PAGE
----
Property stamp duty collection leaps to S$6.8b

by Albert02

Property stamp duty collection leaps to S$6.8b

Property stamp duty collection leaps to S$6.8b. A RED-HOT property market fueled a 73.6 percent increase in stamp duties collected in Singapore’s fiscal year ending March 2022, despite a year-over-year decline in the first three months of 2022.

Stamp duty receipts for FY21, which ran from April 2021 to March 2022, was S$6.76 billion, up from S$3.9 billion in FY20. Based on data from the Accountant-Department, General’s published online at the Singapore Department of Statistics, it is also 61.1 percent greater than the S$4.2 billion in FY19, prior to the commencement of the epidemic.

According to Lee Sze Teck, Huttons’ senior director of research, the total number of properties transferred in FY21 was 63,914, up 19.9% from the previous year.

“The increase in stamp duty collected outpaced the growth in transaction volume.” This is owing to a rise in higher-value transactions in the residential luxury market and Good Class Bungalows (GCBs), as well as an active commercial and industrial investment market and land acquisition by developers,” Lee explained.

Commercial buildings such as One George Street, Cross Street Exchange, and JCube, for example, were sold for S$1.28 billion, S$810.8 million, and S$340 million, respectively.

25 properties along Thiam Siew Avenue sold for S$815 million in the en bloc market, Watten Estate Condominium for S$550.8 million, and Flynn Park for S$371 million. A plot along Marina View was sold for S$1.51 billion, Jalan Anak Bukit for S$1.03 billion, and Lentor Central for S$784.1 million in the government land sales market.

A GCB site on Cluny Road sold for S$91 million, Queen Astrid Park for S$86 million, and two sites on Chatsworth Road for S$78.06 million in the GCB market. Les Maisons Nassim sold three units in the non-landed luxury class, for S$75 million, S$59.77 million, and S$39 million.

Stamp duty collections were 4.8 percent lower in the first three months of 2022 compared to the same period in 2021.

“Due to seasonal reasons and buyers holding back after new cooling measures were brought out in December 2021, stamp duty collections fell in lockstep with property sales,” says Wong Xian Yang, head of research at Cushman & Wakefield. “Developers postponed big launches to examine market conditions following the cooling action.”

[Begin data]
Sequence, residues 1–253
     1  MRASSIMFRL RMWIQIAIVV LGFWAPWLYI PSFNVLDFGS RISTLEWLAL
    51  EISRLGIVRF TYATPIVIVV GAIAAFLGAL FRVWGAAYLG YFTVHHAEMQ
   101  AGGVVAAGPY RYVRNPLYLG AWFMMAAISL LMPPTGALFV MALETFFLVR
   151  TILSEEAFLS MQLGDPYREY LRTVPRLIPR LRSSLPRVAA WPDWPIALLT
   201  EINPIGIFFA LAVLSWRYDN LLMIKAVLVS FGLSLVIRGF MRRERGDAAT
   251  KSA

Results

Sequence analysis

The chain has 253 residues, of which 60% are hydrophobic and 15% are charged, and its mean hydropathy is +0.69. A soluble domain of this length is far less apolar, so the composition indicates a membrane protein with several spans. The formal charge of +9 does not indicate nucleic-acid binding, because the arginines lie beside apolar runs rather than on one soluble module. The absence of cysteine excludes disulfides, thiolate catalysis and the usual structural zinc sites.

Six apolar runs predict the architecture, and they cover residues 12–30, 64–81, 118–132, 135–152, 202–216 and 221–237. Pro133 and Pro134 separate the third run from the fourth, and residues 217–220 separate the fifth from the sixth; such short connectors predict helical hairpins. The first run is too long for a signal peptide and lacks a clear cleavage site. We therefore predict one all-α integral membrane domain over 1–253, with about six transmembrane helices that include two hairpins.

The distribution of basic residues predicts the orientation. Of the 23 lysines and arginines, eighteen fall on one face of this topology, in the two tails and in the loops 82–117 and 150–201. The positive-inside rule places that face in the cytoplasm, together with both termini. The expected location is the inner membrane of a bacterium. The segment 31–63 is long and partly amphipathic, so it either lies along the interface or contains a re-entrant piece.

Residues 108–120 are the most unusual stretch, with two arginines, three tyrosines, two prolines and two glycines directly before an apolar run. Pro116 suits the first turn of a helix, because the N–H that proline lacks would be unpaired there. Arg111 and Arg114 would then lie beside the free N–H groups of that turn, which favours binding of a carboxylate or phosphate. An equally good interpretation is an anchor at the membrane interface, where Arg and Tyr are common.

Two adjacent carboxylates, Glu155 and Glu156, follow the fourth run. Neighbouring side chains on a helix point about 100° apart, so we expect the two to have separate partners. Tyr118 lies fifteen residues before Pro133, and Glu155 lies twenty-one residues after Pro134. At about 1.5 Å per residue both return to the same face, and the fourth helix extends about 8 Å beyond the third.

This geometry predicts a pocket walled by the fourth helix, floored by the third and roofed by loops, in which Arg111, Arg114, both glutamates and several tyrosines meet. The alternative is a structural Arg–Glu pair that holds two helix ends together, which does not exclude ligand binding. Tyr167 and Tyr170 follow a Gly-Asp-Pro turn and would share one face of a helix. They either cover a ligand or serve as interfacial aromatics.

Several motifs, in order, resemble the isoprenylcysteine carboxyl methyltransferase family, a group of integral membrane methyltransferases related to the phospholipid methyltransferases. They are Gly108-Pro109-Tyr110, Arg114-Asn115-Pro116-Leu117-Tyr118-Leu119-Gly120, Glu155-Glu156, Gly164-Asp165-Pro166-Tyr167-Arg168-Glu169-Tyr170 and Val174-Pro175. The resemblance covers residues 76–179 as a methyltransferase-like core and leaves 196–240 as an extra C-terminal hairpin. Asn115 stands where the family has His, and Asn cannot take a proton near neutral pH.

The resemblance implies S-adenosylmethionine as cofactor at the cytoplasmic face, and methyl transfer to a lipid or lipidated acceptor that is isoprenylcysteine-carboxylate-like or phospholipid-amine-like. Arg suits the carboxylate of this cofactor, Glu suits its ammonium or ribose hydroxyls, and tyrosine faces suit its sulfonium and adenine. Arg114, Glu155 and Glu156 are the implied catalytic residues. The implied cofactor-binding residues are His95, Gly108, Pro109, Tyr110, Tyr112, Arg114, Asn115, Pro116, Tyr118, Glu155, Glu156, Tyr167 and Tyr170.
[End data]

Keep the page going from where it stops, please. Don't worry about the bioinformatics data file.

Despite the drop in sales volumes, property prices in the first quarter of 2022 continued to rise, with private residential and resale HDB prices climbing 0.7 percent and 2.4 percent, respectively, quarter on quarter.

“It’s possible that this helped alleviate the drop in stamp duty collections,” Wong said.

The government collected S$74.76 billion in total tax income in FY21, up 21.7 percent from S$61.41 billion in FY20. The amount for FY21 is also up 10.5 percent from S$67.65 billion in FY19.

Meanwhile, corporate income tax revenue in FY21 totaled S$18.2 billion, up 12.9% from S$16.11 billion in FY20 and 8.7% higher than S$16.73 billion in FY19.

Personal income tax receipts for FY21 totaled S$14.22 billion, up 11.6% from S$12.75 billion in FY20 and 15% more than S$12.37 billion in FY19.

Property taxes increased 49.3% to S$4.67 billion in FY21 from a lower base of S$3.13 billion in FY20, thanks to a property tax credit for qualified non-residential properties from January 1, 2020 to December 31, 2020. It fell 1.9 percent in FY21 compared to the S$4.76 billion collected in FY19.

Despite this, property tax income is expected to increase in FY22.

Property tax income is determined by the property tax rate, the number of taxed properties, and the annual value of each property, with at least two of the three variables expected to rise in the next two years, according to Nicholas Mak, ERA’s head of research and consultation.

For starters, property tax rates for residences with yearly values of more than S$30,000 and all non-owner occupied properties will increase in two increments, beginning in 2023 and again in 2024, with the increase being more significant for high-end homes.

Second, as more HDB flats, private housing, commercial and industrial properties are developed, the number of properties to be taxed continues to rise.

Third, the annual value of residential properties, as determined by valuers at the Singapore Inland Revenue Authority based on rental rates, is expected to rise in 2022 and maybe 2023.

Meanwhile, while the number of private homes purchased by foreigners increased 16.8% from 841 units in FY20 to 982 units in FY21, foreigner purchases as a percentage of total sales fell slightly from 3.1 percent in FY20 to 2.9 percent in FY21, according to Christine Sun, OrangeTee’s senior vice-president (research & analytics).

ERA’s Mak does not expect the ratio of international buyers to increase despite the removal of border restrictions. “The ABSD (extra buyer’s stamp duty) for non-permanent resident foreigners is excessive,” he claimed.

More property launches and a stronger economic recovery are projected to boost sales in the future, according to Sun.

“House prices are expected to grow even more this year.” As a result, the amount collected in stamp duty is expected to rise this year.”

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Property stamp duty collection leaps to S$6.8b

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